In August 2012, the White House’s Office of Management and Budget stated in a memo that federal CIOs should become true portfolio managers. The memo was aimed at heads of executive departments and agencies and was released as part of the U.S. federal IT reform plan. As with most OMB memos, it contained a lot of common sense, but many of the memo’s recommendations are easier said than done.
What the CIO should own
Let’s look at what the OMB said. They identified four key areas over which agency CIOs should have ownership:
Today, however, most agency CIOs are nowhere near this level of ownership. In a recent assessment, the General Accountability Office (GAO) concluded that federal agencies still have a long way to go, "specifically that CIOs face significant limitations in their ability to influence IT investment decision making at their agencies and to exercise their statutory authority."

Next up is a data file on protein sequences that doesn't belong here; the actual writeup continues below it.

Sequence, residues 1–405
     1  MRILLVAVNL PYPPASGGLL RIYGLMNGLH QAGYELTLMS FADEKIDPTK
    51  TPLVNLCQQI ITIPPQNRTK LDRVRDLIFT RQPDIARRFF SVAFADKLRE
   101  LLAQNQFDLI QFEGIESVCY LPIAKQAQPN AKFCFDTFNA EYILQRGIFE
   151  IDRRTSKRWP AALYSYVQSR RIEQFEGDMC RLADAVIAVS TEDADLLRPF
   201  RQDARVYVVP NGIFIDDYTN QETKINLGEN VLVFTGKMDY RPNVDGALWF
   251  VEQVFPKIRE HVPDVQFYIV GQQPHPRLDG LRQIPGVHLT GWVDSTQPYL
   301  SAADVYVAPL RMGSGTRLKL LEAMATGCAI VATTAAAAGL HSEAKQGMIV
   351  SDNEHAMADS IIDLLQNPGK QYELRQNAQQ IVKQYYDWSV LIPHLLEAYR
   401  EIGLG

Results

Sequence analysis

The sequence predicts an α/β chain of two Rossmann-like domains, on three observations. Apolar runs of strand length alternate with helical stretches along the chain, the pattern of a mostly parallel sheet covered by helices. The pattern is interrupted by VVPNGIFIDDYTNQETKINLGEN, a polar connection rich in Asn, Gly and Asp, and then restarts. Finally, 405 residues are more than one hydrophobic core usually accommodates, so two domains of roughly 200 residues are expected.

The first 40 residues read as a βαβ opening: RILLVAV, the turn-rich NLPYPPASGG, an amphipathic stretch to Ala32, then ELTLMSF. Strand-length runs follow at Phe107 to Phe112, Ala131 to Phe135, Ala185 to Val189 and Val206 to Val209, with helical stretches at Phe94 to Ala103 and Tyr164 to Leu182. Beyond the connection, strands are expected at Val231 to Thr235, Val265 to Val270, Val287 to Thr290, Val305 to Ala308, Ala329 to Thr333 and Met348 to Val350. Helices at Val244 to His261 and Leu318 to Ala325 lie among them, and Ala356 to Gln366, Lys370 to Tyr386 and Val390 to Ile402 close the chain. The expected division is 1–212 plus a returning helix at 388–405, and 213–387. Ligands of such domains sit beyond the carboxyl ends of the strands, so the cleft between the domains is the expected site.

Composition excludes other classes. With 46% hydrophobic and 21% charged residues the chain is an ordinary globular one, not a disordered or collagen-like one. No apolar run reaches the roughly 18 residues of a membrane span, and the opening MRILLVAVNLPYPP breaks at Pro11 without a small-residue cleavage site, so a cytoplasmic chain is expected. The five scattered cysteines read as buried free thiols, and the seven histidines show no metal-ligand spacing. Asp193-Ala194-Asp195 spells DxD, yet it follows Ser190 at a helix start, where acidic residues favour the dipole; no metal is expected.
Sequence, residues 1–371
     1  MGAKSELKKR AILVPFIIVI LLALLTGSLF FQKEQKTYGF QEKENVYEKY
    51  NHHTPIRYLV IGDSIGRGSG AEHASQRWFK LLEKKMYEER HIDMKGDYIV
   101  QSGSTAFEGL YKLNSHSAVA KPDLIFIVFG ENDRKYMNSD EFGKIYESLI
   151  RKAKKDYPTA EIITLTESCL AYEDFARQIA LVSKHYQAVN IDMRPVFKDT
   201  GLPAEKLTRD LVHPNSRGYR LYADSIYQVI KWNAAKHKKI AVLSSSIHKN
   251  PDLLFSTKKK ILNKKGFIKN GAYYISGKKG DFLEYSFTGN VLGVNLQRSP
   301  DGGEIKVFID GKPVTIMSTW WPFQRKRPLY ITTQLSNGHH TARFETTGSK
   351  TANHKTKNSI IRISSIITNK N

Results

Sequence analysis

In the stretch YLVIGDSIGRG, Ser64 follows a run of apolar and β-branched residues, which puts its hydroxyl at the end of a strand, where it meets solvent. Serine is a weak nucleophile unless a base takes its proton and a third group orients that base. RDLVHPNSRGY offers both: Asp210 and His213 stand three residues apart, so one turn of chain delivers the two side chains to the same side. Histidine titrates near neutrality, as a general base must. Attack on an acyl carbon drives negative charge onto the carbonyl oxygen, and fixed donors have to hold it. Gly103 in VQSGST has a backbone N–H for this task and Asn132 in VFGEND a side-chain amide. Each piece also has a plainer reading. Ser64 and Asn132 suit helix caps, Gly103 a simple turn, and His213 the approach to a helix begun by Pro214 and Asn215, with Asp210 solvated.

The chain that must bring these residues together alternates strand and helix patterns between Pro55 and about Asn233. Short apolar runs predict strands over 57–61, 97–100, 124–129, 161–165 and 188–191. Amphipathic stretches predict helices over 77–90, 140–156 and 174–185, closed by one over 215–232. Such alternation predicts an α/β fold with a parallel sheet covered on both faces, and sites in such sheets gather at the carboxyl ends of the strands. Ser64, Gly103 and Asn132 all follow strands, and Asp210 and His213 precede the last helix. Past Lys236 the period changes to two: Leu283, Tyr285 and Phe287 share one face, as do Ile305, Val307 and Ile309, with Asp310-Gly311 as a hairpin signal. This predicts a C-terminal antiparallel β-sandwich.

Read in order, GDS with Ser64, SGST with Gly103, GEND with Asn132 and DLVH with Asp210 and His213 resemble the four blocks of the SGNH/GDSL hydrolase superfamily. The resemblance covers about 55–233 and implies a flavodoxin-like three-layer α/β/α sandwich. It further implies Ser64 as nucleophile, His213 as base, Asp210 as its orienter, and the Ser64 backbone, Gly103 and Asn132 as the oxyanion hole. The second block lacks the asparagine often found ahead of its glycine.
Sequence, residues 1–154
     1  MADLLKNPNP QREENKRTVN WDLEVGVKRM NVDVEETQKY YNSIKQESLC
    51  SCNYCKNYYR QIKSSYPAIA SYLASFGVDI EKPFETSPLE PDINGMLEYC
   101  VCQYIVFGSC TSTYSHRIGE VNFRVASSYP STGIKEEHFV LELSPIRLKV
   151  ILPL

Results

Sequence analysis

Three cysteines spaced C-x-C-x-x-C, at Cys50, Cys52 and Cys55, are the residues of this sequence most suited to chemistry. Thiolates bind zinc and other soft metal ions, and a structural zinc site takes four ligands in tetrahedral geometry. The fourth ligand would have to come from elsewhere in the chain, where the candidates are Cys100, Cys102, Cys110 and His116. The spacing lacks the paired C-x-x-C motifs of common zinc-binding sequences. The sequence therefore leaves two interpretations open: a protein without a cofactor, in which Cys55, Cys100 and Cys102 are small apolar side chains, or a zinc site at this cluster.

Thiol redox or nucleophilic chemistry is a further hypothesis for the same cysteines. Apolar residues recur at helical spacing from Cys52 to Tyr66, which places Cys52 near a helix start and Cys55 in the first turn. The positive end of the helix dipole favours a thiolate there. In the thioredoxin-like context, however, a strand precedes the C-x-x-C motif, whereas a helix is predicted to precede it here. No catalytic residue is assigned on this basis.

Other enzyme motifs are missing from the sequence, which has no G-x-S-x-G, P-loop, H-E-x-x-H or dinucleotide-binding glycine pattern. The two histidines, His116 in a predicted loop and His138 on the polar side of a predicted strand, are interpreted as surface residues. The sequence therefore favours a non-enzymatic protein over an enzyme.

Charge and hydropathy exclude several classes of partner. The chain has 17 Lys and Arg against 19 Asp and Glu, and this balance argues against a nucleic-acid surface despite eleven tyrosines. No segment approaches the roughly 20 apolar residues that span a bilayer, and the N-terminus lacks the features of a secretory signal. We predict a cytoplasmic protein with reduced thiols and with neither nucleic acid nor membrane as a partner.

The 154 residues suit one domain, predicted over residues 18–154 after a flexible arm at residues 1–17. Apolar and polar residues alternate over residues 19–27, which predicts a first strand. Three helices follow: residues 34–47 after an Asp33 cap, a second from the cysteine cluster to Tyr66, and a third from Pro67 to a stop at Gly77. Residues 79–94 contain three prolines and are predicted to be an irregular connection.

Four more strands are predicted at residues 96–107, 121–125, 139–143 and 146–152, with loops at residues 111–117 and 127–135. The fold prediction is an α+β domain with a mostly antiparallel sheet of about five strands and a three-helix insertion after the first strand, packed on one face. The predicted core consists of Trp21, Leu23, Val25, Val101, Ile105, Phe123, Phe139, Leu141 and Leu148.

Getting to true portfolio management
I’ve worked inside federal agencies, specifically providing advisory and portfolio management solutions within the Office of the CIO for the Department of Homeland Security, Education, USAID, and Energy as well as within the executive branch of the House of Representatives technology office. I know firsthand how difficult it can be to gain control of IT. Today, as CTO of HP’s Federal Professional Service Organization, I consult with U.S. federal agencies and provide CIO advisory services, helping them to tackle these very problems. To become a true portfolio manager, you need authority over which IT investments go forward and which get killed.
Here are some baby steps you can take to get there:
As the federal IT Reform movement continues, more CIOs will go through this process. Some of these steps may be painful and difficult. But only when federal CIOs are true portfolio managers, and can communicate to their stakeholders how IT drives business outcome, will they be able make the changes necessary to truly transform federal IT.
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